Economic Moat

What Are the Origins of An Economic Moat?

In the Middle Ages, castles were symbols of royal wealth; admired by all, and targeted by some. A castle's security from invaders hinged greatly upon its defensive capabilities. An especially daunting element of defense was the water channel surrounding the perimeter of the castle, commonly known as the castle's "moat." In modern day economics, the fate of publicly traded corporations is much the same as that of the medieval castle. A company's ability to protect wealth and sustain profitability in the face of attack from rivals is an essential element of survival.

In the field of finance, Warren Buffett is widely hailed as royalty. Known as the "Oracle of Omaha," he has spent a lifetime crafting and implementing various capital investment strategies. From his first purchase of stock at age 11 to becoming the driving force behind mega-corporation Berkshire Hathaway, Buffett has made a habit of turning a profit. His massive fortune can be attributed to his talent for capital allocation, risk management, and stock picking. As of August 2015, his wealth, both personal assets and share of Berkshire Hathaway, were estimated at US$67 billion.[1]

Buffett has stood the test of time and is recognised as one of the greatest investors in history. A champion of the "buy and hold" investment strategy, and identifying companies with "intrinsic value," Buffett is credited with the creation of many investment concepts. One such concept is that of the "economic moat."

What Is An Economic Moat?

An "economic moat" is a competitive advantage that is unique to an individual company and difficult for rivals to imitate.[2] An economic moat acts as a barrier-to-entry for competing firms aspiring to capture market share, and it protects the long-term viability of a company.

Types Of Economic Moats

The development of a competitive advantage is the basis for a company's ability to deliver sustained profitability to the shareholders. Competitive advantages come in many forms ranging from a company's cost advantage over its peers, to its intangible assets.

Economic moats vary in effectiveness depending on the strength and number of a company's competitive advantages. A company with a formidable competitive advantage has a "wide" economic moat, while a company with a vulnerable competitive advantage is said to have a "narrow" moat.

Economic Moat: Cost Advantage

A company that can produce a quality good or service and deliver it to the consumer cheaper than its competitors has a cost advantage. Cost advantages are typically industry-specific and can be attributed to lower cost inputs, process efficiency, superior technology or location.[3] A cost advantage is often the first type of competitive advantage sought by a company entering the marketplace.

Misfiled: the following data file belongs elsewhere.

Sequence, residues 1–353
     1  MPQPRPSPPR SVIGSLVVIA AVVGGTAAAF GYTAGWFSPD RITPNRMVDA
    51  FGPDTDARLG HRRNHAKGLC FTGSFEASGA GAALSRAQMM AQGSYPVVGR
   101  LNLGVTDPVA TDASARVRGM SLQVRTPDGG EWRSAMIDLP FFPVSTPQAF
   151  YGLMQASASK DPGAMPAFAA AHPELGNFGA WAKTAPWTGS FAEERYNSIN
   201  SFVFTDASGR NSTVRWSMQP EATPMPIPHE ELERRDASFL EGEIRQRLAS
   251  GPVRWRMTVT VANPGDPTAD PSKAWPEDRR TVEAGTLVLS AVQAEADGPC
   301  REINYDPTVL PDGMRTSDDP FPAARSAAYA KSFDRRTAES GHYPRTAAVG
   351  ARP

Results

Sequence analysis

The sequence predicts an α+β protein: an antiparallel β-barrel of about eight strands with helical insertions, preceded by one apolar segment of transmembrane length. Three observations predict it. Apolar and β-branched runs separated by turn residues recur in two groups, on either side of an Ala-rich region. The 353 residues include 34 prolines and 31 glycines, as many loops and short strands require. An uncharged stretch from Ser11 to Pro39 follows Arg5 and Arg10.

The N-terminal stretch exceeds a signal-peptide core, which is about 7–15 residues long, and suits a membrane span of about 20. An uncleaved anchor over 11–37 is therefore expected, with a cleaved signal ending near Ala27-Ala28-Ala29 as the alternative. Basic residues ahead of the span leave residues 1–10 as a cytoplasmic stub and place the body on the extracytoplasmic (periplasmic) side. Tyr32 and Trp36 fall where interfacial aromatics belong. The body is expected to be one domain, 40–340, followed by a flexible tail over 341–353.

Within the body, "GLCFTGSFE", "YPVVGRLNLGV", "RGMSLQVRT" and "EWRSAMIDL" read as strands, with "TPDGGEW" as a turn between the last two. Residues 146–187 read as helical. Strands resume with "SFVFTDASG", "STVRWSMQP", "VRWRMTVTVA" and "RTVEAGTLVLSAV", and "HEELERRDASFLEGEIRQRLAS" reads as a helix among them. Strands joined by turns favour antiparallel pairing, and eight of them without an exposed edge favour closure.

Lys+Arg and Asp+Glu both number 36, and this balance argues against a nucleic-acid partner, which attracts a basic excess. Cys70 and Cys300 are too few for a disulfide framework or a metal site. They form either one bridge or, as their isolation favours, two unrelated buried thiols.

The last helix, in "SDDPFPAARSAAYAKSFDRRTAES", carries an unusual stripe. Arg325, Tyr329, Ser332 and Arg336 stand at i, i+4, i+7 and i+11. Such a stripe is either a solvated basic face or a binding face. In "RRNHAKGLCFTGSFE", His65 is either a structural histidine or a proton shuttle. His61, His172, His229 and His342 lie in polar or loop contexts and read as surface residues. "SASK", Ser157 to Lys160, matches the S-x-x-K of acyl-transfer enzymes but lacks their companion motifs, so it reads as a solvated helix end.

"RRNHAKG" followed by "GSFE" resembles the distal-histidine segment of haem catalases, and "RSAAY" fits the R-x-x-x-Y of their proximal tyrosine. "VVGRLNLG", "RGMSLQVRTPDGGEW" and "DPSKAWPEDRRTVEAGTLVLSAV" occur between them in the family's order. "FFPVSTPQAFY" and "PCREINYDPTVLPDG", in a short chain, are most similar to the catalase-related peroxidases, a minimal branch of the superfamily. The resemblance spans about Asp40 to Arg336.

Cost-based competitive advantages enable a company to undercut competitors and dominate market share within an industry. Large retail establishments such as Wal-Mart, Costco, Lowes and Home Depot are prime examples of companies that can deliver lower costs to the consumer than their competitors.

Economic Moat: Intangible Assets And Brand Loyalty

The assets possessed by a company that one cannot readily see or touch are called intangible assets, with examples being company-owned patents, trademarks and brand loyalty.[4]

The ability of a rival firm to compete in a specific industry can be severely hampered by a company who owns a trademark or has patented technology unique to that industry. Biotech and software companies depend on patents regarding medicine and information systems technology to create their economic moats. Media companies will copyright intellectual property and works of art in an effort to protect exclusive content from competitors and establish an economic moat based upon product differentiation.

In certain cases, brand loyalty can be the most valuable asset to a company and provide a formidable economic moat. An illustration of brand loyalty is Coca-Cola, which has been one of Warren Buffett's largest investments over the years—Berkshire Hathaway owns 400 million shares and more than 9% of the company.[5] The brand loyalty enjoyed by the 100-year-old Coca-Cola company was one of the primary reasons for the investment. It's also a key element ensuring the soft drink giant's future prosperity.

Investing In Economic Moats

As a general rule, the more substantial the moat, the more stable the company. In reference to the types of companies in which he likes to invest, Buffett puts it simply: "I look for economic castles protected by unbreachable 'moats.'"[6] Given his investment track record spanning the past half-century, Buffett's concept of an "economic moat" has gained widespread acceptance and popularity within the financial community.

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